Deutsche Bank DPA Reflects Government’s Focus on Third-Party Risk Management and Data-Driven Compliance Programs
According to the criminal information, between 2009 and 2016, Deutsche Bank employees, including managing directors and high-level regional executives, conspired to make payments to business development consultants (BDCs) who were acting as proxies for foreign officials, and then violated the books and records provision of the FCPA by falsely reporting these corrupt payments and bribes. According to the information, Deutsche Bank also participated in a separate scheme to engage in fraudulent and manipulative commodities trading practices involving publicly-traded precious metals futures contracts. As part of the resolution, Deutsche Bank agreed to enter into a three-year deferred prosecution agreement (DPA) and pay over $130 million in criminal penalties, criminal disgorgement, and victim compensation.
The DPA mirrors the DOJ’s June 2020 updated guidance titled “Evaluation of Corporate Compliance Programs” (the Guidance), as well as the DOJ’s and SEC’s July 2020 “A Resource Guide to the US Foreign Corrupt Practices Act” (the FCPA Guide). Both of these documents provide insight into how the DOJ and SEC evaluate the hallmarks of a corporate compliance program.
Several mandates related to third-party risk management are included in the DPA in light of Deutsche Bank’s use of BDCs and other agents and business partners. For example, the DPA requires Deutsche Bank to scrutinize its third parties to determine whether they have relationships with foreign officials, that third-party contracts specify what services are to be provided, and that third-party compensation is commensurate with the applicable industry and geographic location. In addition, the DPA incorporates updated language from the Guidance that focuses on continuous risk management of third parties rather than only during the onboarding process by requiring that Deutsche Bank engage in “ongoing monitoring of third-party relationships through updated due diligence, training, audits, and/or annual compliance certifications by the third party.”
The DOJ’s recent focus on using data to build an effective compliance program is also reflected in the DPA, which requires that Deutsche Bank compliance and control personnel have sufficient access to “relevant sources of data to allow for timely and effective monitoring and/or testing of transactions.” The DPA builds on the Guidance by stating that data should be used to “conduct a thoughtful root cause analysis” so that Deutsche Bank is well-positioned to mitigate the risk of future violations. This is not the first time the DOJ has emphasized the importance of using data to assess and mitigate risk, as a similar mandate was included in a DPA entered into between the DOJ and JP Morgan Chase in September 2020 to settle criminal charges stemming from market manipulation schemes. Arent Fox’s analysis of that DPA can be found here.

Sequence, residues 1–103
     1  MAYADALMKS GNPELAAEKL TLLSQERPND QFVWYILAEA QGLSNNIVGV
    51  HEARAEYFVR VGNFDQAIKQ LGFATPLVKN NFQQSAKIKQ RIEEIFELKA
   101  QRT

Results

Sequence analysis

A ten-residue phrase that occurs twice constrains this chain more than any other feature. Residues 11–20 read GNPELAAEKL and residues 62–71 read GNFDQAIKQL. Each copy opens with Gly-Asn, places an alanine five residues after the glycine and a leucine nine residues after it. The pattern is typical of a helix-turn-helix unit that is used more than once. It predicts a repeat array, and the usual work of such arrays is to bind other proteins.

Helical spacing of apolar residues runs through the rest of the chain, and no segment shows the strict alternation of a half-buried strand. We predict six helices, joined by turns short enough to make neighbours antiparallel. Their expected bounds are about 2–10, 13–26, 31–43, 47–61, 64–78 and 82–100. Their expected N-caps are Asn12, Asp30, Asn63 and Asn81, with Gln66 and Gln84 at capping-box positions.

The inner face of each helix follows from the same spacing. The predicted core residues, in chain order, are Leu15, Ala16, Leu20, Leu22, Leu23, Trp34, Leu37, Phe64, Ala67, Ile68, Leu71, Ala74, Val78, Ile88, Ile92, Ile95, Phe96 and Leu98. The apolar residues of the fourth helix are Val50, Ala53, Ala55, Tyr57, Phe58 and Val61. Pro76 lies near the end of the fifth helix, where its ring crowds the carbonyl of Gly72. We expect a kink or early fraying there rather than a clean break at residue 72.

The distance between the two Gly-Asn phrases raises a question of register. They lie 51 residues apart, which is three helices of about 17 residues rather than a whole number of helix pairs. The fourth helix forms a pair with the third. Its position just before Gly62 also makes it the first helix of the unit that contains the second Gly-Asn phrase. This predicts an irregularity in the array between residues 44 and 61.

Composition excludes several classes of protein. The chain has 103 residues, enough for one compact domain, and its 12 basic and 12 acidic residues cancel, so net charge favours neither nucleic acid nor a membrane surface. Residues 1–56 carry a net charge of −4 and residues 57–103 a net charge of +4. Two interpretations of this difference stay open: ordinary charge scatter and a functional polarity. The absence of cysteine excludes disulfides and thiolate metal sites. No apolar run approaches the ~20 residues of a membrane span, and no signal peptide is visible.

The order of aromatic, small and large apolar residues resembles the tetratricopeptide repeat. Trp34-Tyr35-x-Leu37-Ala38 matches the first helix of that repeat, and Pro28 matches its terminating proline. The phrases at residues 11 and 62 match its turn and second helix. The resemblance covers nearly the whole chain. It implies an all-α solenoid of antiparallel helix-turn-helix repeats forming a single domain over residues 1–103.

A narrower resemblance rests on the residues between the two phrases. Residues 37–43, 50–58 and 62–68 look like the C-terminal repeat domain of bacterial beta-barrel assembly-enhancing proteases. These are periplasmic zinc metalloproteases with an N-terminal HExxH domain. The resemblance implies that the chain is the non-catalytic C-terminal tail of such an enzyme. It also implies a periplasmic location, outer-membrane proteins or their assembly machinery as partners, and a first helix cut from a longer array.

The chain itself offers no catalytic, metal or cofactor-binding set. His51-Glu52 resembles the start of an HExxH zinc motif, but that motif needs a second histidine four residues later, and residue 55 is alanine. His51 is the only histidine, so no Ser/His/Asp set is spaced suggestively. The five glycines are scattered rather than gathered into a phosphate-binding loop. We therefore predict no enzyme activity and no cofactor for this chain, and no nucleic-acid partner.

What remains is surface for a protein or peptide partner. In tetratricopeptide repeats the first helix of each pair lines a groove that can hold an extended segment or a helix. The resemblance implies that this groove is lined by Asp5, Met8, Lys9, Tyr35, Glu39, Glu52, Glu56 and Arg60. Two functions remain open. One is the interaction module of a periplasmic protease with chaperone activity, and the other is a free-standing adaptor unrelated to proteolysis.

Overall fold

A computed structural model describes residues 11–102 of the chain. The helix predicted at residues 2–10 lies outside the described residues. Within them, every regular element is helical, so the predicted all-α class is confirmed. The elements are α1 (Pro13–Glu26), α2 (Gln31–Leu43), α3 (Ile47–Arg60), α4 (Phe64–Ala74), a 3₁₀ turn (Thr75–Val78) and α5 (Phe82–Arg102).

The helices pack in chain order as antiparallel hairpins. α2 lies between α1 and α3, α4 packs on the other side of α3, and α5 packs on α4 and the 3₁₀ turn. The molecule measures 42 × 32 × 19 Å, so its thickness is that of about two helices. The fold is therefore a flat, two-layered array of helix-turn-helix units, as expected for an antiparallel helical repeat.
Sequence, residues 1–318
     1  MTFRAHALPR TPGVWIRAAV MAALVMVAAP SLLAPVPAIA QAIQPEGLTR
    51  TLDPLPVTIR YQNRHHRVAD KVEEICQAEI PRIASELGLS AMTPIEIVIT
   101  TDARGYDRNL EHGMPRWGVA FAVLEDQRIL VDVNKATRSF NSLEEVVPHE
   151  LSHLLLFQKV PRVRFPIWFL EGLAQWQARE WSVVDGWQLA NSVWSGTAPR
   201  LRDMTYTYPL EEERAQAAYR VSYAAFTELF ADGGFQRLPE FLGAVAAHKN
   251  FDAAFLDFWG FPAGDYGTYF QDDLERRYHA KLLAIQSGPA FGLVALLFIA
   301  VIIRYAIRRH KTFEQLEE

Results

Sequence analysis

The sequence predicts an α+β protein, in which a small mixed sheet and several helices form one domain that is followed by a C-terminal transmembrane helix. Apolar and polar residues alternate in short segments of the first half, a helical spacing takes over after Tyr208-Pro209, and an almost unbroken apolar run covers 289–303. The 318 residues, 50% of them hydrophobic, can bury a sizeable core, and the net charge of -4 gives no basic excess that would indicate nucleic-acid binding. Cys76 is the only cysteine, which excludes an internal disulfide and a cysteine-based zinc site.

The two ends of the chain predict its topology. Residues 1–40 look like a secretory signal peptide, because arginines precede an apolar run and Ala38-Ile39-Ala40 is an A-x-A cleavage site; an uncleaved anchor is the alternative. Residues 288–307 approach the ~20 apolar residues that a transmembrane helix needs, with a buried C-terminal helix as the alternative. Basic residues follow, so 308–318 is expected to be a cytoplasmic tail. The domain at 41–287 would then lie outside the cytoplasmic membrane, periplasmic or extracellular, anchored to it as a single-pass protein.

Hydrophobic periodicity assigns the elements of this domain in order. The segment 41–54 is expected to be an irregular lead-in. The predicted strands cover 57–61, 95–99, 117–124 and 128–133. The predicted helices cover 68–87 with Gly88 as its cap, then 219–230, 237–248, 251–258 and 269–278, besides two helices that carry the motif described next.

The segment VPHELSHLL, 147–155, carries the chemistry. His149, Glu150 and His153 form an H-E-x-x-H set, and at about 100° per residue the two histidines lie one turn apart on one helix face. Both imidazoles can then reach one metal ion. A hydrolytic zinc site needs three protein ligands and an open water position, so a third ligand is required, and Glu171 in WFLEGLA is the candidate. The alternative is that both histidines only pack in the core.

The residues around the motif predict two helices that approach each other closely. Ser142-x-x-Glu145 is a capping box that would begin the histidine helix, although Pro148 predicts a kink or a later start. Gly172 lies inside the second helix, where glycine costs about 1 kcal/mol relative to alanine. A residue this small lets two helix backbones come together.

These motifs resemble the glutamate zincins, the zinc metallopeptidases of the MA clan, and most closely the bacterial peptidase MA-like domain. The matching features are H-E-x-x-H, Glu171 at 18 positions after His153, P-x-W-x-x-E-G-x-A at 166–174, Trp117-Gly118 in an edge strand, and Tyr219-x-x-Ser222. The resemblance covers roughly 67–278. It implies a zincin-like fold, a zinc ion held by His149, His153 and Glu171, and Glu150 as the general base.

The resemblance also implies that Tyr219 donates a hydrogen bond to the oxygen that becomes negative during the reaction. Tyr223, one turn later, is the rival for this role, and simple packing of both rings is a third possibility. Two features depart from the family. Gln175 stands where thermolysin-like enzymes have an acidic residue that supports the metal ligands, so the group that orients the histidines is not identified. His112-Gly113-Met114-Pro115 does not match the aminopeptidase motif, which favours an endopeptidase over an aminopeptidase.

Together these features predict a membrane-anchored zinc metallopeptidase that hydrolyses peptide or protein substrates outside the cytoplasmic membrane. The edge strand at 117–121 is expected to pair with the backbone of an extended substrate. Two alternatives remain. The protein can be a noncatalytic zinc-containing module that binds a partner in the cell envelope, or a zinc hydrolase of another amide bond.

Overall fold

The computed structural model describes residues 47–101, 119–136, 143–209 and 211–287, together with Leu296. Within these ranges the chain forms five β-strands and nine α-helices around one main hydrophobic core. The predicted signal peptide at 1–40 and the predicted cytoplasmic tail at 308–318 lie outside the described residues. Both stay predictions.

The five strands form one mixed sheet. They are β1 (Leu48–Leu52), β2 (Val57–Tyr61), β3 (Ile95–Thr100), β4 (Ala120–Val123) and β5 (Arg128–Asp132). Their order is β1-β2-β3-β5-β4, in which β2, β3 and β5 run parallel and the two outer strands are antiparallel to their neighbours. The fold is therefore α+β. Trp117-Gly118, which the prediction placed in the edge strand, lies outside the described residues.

Finally, the DPA also follows the Guidance and FCPA Guide in other areas, including by requiring that Deutsche Bank ensure that middle management is involved in enforcing the Company’s corporate policy against anti-corruption violations. The focus on middle management can be found in the Guidance, which states that an effective compliance program requires a “high-level commitment by company leadership to implement a culture of compliance from the middle and the top.” Similarly, the FCPA Guide notes that, when reviewing a compliance program, the DOJ and SEC look at whether middle managers reinforce the Company’s commitment to compliance.
As companies build and refine their compliance programs, they should consider not only the Guidance and FCPA Guide, but also recent enforcement actions which provide additional information on how the government assesses corporate compliance programs. The DPA’s focus on third-party risk is particularly significant, especially for companies that have had to expand their use of third parties as a result of business disruptions caused by the COVID-19 pandemic. Companies should also be equipped to thoughtfully and strategically use data to test the effectiveness of their compliance programs and ensure that the programs work both on paper and, more importantly, in practice.
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